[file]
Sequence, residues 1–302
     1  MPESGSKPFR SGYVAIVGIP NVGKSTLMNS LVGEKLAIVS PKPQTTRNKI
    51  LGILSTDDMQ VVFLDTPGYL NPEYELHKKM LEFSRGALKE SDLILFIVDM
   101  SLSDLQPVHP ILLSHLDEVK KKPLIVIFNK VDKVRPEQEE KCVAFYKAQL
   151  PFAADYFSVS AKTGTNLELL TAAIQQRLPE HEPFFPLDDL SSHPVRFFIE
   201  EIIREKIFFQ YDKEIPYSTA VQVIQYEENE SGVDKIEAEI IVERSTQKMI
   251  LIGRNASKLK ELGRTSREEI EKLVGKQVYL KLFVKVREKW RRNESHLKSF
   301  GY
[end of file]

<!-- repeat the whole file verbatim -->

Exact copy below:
Sequence, residues 1–302
     1  MPESGSKPFR SGYVAIVGIP NVGKSTLMNS LVGEKLAIVS PKPQTTRNKI
    51  LGILSTDDMQ VVFLDTPGYL NPEYELHKKM LEFSRGALKE SDLILFIVDM
   101  SLSDLQPVHP ILLSHLDEVK KKPLIVIFNK VDKVRPEQEE KCVAFYKAQL
   151  PFAADYFSVS AKTGTNLELL TAAIQQRLPE HEPFFPLDDL SSHPVRFFIE
   201  EIIREKIFFQ YDKEIPYSTA VQVIQYEENE SGVDKIEAEI IVERSTQKMI
   251  LIGRNASKLK ELGRTSREEI EKLVGKQVYL KLFVKVREKW RRNESHLKSF
   301  GY